Population Health Intervention Research: Geographical perspectives, 1st Edition (Hardback) book cover

Population Health Intervention Research

Geographical perspectives, 1st Edition

Edited by Daniel W. Harrington, Sara McLafferty, Susan J. Elliott


206 pages | 22 B/W Illus.

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Hardback: 9781472457257
pub: 2016-07-26
eBook (VitalSource) : 9781315601502
pub: 2016-07-22
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Health geographers are well situated for undertaking population health intervention research (PHIR), and have an opportunity to be at the forefront of this emerging area of inquiry. However, in order to advance PHIR, the scientific community needs to be innovative with its methodologies, theories, and ability to think critically about population health issues. For example, using alternatives (e.g. community-based participatory research) to traditional study designs such as the randomised control trial, health geographers can contribute in important ways to understanding the complex relationships between population health (both intended and unintended consequences), interventions and place. Representing a diverse array of health concerns ranging across chronic and infectious diseases, and research employing varied qualitative and quantitative methodologies, the contributions to this book illustrate how geographic concepts and approaches have informed the design and planning of intervention(s) and/or the evaluation of health impacts. For example, the authors argue that geographically targeting interventions to places of high-need and tailoring interventions to local place contexts are critically important for intervention success. Including an afterword by Professor Louise Potvin, this book will appeal to researchers interested in population and public/community health and epidemiology as well as health geography.

Table of Contents

1. Introduction

Daniel W. Harrington, Sara McLafferty, Susan J. Elliott

2. Partnerships to improve population health and health equity: geographic perspectives

Barb Riley, Kerry Robinson, Martin Taylor, Cameron Willis

3. The vacant land inventory: an approach to support vacant lot redevelopment for population health improvement in Milwaukee, WI, USA

Jared Olson, Sandra Bogar, Kelly Hoormann, Moriah Iverson, Kirsten Beyer

4. Spatial analysis of HIV/AIDS survival in Dallas County, Texas

Joseph R. Oppong, Stephanie Heald, Warankana Ruckthongsook, Chetan Tiwari

5. From cultural clashes to settlement stressors: a review of HIV prevention interventions for gay and bisexual immigrant men in North America. 

Nathaniel Lewis

6. Making a place for health in vulnerability analysis: a case study on dengue in Malaysia and Brazil

Sarah Dickin

7. The geography of malaria control in the Democratic Republic of Congo

Mark Janko, Michael Emch

8. Natural experiments for addressing chronic diseases

Daniel Fuller, Erin Hobin

9. Shaping the direction of youth health with COMPASS: a research platform for evaluating natural experiments and generating practice-based evidence in school-based prevention

Scott Leatherdale

10. School nutrition as an intervention for addressing childhood overweight and obesity

Michelle M. Vine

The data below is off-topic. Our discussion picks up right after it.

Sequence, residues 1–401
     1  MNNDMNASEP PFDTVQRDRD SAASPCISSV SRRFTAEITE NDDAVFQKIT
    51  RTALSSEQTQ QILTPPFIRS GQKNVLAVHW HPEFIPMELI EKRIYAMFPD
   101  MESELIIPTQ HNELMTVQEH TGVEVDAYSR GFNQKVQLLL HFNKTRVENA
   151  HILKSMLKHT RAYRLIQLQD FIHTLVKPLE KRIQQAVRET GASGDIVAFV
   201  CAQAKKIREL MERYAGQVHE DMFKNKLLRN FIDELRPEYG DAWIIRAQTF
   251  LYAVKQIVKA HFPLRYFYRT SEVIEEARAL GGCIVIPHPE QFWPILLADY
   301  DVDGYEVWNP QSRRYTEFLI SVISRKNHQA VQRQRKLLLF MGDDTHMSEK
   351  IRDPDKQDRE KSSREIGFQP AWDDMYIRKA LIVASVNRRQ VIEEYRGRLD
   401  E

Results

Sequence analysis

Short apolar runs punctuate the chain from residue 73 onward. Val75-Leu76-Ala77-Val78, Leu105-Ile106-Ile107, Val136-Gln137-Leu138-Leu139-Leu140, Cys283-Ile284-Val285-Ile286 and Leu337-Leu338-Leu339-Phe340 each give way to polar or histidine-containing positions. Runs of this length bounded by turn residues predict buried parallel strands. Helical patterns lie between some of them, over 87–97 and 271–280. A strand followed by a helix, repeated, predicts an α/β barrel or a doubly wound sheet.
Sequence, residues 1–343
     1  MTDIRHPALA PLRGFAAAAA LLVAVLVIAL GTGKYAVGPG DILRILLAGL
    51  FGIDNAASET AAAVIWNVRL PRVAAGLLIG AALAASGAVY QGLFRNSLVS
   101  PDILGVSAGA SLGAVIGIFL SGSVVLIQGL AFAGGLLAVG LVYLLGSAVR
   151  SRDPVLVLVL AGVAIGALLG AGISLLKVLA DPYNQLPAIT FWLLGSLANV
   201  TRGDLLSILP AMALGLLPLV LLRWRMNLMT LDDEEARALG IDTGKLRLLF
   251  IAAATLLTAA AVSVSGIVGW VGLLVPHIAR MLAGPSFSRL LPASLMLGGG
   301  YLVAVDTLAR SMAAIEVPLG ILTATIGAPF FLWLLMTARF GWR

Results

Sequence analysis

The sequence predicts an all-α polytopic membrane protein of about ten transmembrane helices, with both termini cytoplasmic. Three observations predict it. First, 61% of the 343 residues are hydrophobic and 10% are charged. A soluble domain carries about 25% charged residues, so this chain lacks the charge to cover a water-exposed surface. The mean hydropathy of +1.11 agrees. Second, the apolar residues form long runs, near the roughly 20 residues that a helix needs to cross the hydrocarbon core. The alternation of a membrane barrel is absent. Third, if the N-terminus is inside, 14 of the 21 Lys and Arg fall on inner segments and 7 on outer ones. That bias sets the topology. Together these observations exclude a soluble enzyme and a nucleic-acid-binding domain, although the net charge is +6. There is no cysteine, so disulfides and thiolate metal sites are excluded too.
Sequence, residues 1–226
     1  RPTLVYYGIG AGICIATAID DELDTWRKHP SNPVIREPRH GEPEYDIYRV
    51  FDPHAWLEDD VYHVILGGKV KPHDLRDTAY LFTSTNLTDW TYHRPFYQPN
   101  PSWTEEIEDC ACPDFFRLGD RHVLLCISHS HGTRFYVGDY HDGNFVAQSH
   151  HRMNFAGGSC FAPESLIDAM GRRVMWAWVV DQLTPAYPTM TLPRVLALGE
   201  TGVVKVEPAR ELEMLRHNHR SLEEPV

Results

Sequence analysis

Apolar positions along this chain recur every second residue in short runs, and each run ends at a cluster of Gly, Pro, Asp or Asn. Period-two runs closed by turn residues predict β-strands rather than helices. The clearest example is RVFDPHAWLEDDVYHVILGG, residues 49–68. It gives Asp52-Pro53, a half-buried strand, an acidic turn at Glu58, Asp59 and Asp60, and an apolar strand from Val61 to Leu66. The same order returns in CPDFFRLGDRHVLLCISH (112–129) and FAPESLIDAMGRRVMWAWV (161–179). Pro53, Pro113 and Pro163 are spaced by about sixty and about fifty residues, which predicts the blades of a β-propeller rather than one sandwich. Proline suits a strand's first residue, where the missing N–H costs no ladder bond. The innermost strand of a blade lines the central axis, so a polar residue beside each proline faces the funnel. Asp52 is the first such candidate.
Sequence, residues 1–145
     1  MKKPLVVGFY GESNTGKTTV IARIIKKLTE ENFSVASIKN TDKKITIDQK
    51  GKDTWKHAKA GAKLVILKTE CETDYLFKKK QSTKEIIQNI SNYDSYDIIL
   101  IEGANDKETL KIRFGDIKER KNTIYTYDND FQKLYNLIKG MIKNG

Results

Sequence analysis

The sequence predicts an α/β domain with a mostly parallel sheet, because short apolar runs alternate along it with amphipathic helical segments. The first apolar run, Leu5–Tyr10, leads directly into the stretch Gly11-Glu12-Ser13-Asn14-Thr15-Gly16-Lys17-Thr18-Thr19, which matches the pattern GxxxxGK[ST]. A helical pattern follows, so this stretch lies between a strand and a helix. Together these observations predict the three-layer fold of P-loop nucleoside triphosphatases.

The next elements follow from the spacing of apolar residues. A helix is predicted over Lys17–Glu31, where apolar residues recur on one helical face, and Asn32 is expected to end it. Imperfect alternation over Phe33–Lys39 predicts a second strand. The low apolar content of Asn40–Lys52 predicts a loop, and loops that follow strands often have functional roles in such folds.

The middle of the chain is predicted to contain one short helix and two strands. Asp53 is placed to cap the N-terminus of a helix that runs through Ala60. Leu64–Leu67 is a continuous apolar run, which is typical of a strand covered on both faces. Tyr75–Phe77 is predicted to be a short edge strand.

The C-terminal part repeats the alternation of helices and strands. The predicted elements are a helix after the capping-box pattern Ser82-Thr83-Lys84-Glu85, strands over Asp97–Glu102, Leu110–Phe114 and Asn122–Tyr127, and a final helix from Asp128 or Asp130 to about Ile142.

11. Healthy food retail interventions

Leia M. Minaker, Catherine L. Mah, Brian E. Cook

12. Transforming Local Geographies to Improve Health

Louise Potvin

About the Editors

Daniel W. Harrington is an Epidemiologist Lead at Public Health Ontario, and Adjunct Assistant Professor in the School of Public Health and Health Systems at the University of Waterloo, Canada.

Sara McLafferty is Professor of Geography and Geographic Information Science at the University of Illinois at Urbana-Champaign, USA.

Susan J. Elliott is Professor in the Department of Geography and Environmental Management at the University of Waterloo, Canada.

About the Series

Geographies of Health Series

Geographies of Health Series
There is growing interest in the geographies of health and a continued interest in what has more traditionally been labeled medical geography. The traditional focus of ’medical geography’ on areas such as disease ecology, health service provision and disease mapping (all of which continue to reflect a mainly quantitative approach to inquiry) has evolved to a focus on a broader, theoretically informed epistemology of health geographies in an expanded international reach. As a result, we now find this subdiscipline characterized by a strongly theoretically-informed research agenda, embracing a range of methods (quantitative; qualitative and the integration of the two) of inquiry concerned with questions of: risk; representation and meaning; inequality and power; culture and difference, among others. Health mapping and modeling, has simultaneously been strengthened by the technical advances made in multilevel modeling, advanced spatial analytic methods and GIS, while further engaging in questions related to health inequalities, population health and environmental degradation. This series publishes superior quality research monographs and edited collections representing contemporary applications in the field; this encompasses original research as well as advances in methods, techniques and theories. The Geographies of Health series will capture the interest of a broad body of scholars, within the social sciences, the health sciences and beyond.

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Subject Categories

BISAC Subject Codes/Headings:
SCIENCE / Earth Sciences / Geography